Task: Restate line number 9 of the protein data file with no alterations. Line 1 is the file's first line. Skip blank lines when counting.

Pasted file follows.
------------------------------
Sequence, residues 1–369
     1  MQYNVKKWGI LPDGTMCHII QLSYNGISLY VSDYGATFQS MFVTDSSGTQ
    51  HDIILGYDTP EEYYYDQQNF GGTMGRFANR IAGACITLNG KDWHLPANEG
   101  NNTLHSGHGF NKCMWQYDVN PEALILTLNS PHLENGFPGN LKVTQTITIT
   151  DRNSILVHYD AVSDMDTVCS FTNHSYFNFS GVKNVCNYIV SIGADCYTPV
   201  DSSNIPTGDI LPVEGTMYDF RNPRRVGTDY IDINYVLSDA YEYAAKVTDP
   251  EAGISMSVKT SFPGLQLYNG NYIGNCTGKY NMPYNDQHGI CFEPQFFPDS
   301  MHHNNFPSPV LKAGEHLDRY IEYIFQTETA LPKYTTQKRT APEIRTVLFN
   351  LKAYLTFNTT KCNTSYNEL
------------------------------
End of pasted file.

   351  LKAYLTFNTT KCNTSYNEL